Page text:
What is an investment?
When you think about investing, what do you think about? Shares? Bonds? Property? Cash, perhaps? In other words, the traditional investment assets: these are the investments that most would consider, and then probably stop. But there are other assets into which you could invest, many of which you might not consider as investments.
Anything that falls outside of the list of traditional assets would be termed an alternative asset, and these could include tangible assets such as coins and stamps, as well as the intangible assets such as futures and options, private equity funds, and commodity derivatives.
Investing in alternative investments: the right choice?
Just as a writer is told to write what he knows, an investor will always produce better returns from investing in what he knows. This usually involves undertaking a large amount of research to bring you up to speed on a company’s products, approach to market, and a calculation of fair value. Maybe it involves relying on the expert opinion of others.
But let’s not forget that you may have built up your own wealth of expertise, over a long period of time, without even knowing it. If you have ever been faced with the phrase ‘I want to pick your brains’, then you’ll understand that others see you as an authority in an area where their knowledge is lacking.
Invest your passion
The knowledge that you will have acquired during the time you that have pursued your passion, hobby, or pastime, will be immense: let’s not beat about the bush, you know your stuff. You get asked to impart advice, and give it gladly and freely. You already invest in your hobby, but usually by way of time. Why not invest some of your hard earned cash, too?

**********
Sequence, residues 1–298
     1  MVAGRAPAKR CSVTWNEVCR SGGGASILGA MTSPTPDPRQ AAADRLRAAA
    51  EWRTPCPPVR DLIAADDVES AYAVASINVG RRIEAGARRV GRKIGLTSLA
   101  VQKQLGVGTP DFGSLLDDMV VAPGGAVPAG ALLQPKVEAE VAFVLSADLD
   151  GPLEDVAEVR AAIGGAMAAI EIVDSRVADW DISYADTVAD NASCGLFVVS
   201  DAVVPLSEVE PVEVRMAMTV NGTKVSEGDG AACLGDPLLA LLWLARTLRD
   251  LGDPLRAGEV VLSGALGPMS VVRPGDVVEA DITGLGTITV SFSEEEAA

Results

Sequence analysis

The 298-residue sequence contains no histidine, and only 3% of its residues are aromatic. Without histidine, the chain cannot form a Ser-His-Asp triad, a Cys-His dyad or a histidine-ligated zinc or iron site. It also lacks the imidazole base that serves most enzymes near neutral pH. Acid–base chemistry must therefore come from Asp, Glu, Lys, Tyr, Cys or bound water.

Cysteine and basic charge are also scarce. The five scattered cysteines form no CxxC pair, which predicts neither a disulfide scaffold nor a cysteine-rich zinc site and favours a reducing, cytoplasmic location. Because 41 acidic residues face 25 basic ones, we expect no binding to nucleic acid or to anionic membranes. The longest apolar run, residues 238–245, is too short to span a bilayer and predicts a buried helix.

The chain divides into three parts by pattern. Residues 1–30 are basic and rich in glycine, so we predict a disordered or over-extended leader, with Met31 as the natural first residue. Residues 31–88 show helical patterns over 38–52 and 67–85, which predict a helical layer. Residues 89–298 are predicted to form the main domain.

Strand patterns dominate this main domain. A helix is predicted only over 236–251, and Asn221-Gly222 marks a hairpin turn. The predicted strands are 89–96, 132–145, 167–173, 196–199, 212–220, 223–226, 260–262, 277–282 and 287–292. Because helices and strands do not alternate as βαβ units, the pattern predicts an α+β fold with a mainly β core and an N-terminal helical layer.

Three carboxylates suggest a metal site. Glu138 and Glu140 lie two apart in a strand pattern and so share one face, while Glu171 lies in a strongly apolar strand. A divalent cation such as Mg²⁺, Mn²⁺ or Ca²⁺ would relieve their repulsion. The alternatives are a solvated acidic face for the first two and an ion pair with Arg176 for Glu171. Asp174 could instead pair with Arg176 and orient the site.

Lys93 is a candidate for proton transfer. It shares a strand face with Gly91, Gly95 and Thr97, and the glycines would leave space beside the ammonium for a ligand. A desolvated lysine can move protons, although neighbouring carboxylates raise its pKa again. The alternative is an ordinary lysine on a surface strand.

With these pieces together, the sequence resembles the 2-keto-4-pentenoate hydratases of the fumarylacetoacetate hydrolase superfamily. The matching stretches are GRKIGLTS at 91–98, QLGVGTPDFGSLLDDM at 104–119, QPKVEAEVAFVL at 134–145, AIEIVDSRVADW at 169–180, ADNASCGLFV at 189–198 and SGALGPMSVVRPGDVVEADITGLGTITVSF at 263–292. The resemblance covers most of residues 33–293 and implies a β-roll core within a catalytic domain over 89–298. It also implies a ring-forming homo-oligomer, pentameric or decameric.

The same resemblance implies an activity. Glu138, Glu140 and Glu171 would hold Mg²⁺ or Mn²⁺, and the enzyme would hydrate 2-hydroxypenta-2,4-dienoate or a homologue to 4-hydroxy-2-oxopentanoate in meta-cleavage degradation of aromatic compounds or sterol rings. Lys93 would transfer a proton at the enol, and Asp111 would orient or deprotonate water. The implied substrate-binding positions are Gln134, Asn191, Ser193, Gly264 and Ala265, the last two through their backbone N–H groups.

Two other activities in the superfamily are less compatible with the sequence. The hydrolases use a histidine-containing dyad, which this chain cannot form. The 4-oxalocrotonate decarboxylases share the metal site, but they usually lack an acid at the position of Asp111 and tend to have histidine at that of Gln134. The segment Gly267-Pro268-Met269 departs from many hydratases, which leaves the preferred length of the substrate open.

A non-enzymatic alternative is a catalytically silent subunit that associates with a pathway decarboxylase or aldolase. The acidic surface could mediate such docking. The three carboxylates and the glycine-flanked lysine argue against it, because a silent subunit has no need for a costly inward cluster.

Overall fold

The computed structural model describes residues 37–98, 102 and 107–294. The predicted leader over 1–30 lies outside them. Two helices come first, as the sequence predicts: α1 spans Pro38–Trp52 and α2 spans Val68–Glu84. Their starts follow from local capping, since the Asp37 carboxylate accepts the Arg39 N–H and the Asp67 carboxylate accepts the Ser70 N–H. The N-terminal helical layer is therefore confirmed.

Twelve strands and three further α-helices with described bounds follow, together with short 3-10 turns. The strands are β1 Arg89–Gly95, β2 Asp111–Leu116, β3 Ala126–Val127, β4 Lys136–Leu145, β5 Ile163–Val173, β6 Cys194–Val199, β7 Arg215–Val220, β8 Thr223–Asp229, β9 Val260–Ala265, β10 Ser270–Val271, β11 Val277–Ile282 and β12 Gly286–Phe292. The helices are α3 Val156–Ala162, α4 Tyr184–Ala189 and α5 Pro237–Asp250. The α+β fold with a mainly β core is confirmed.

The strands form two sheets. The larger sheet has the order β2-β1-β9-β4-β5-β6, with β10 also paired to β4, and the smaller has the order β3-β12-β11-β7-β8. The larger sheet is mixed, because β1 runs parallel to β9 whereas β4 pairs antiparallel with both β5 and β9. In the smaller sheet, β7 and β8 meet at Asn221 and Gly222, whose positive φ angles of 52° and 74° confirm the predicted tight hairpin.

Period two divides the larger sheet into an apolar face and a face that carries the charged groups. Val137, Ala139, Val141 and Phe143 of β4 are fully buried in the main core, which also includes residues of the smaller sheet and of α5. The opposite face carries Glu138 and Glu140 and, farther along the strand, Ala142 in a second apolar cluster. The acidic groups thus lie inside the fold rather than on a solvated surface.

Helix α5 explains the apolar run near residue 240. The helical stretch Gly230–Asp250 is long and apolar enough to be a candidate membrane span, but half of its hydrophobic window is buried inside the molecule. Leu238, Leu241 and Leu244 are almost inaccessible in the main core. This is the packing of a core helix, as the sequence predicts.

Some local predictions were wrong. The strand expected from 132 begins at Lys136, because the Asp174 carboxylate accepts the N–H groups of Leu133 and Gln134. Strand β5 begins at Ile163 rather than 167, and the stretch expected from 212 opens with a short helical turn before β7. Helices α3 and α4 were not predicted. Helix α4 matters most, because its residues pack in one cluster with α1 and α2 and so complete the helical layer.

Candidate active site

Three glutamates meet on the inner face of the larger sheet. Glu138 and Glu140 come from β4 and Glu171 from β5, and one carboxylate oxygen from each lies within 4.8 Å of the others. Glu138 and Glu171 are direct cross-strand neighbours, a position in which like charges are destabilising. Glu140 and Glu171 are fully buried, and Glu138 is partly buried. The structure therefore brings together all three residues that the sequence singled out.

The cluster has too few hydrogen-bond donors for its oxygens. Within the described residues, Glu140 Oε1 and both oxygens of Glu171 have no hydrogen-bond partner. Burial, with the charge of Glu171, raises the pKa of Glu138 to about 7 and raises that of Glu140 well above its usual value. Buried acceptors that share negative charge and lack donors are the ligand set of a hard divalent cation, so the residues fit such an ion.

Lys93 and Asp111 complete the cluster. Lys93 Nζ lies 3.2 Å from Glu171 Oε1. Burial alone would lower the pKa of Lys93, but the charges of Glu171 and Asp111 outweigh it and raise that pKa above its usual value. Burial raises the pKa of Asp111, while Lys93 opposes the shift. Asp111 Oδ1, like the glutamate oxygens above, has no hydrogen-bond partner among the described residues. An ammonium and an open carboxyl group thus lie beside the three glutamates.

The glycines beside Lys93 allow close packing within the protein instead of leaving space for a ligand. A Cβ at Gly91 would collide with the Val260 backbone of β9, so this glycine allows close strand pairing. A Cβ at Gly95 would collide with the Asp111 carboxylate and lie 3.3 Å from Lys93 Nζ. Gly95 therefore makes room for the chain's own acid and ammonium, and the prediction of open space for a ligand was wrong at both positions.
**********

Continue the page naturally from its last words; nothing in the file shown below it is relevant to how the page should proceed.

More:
Coin collectors build their collections because of an interest in an historical period, or particular style of coin, maybe. Such collections end up as investments, in the same way that stamp collectors, comic book readers, modern art buyers, and the like, will also build up collections of value.
Some people are avid car enthusiasts, while others can’t resist toys that take them back to their childhood, and still more adorn shelves with antique china. They do this because they love these items: collecting is a hobby. Often these hobbies turn into investments without the realization of them doing so.
Perhaps you like a glass of wine in the evening. Have you ever considered being instructed in wine tasting, and then turning this passion into a penchant for fine wine investing?
Memorabilia – sports, celebrity, politics, etc. – can gives hours of fun, you’ll always have an item for discussion at a party or social gathering, and prove a worthwhile investment.
Alternative investments – keeping them ‘real’
If you’re not convinced that toys and old plates are investments, and believe the only value in a wine is as an accompaniment to dinner, then you’ll be looking for ‘real’ investments.
That’s where assets such as gold and silver come into thinking. But ‘real’ alternative investments don’t begin and end with precious metals. Think also of other commodities, such as wheat, oil, and orange juice. Perhaps not realistic for the retail investor – where do you store 20 barrels of oil? – but other investments such as forestry land, solar panels, and wind turbines can be included in a list that gives real opportunity for alternative investing.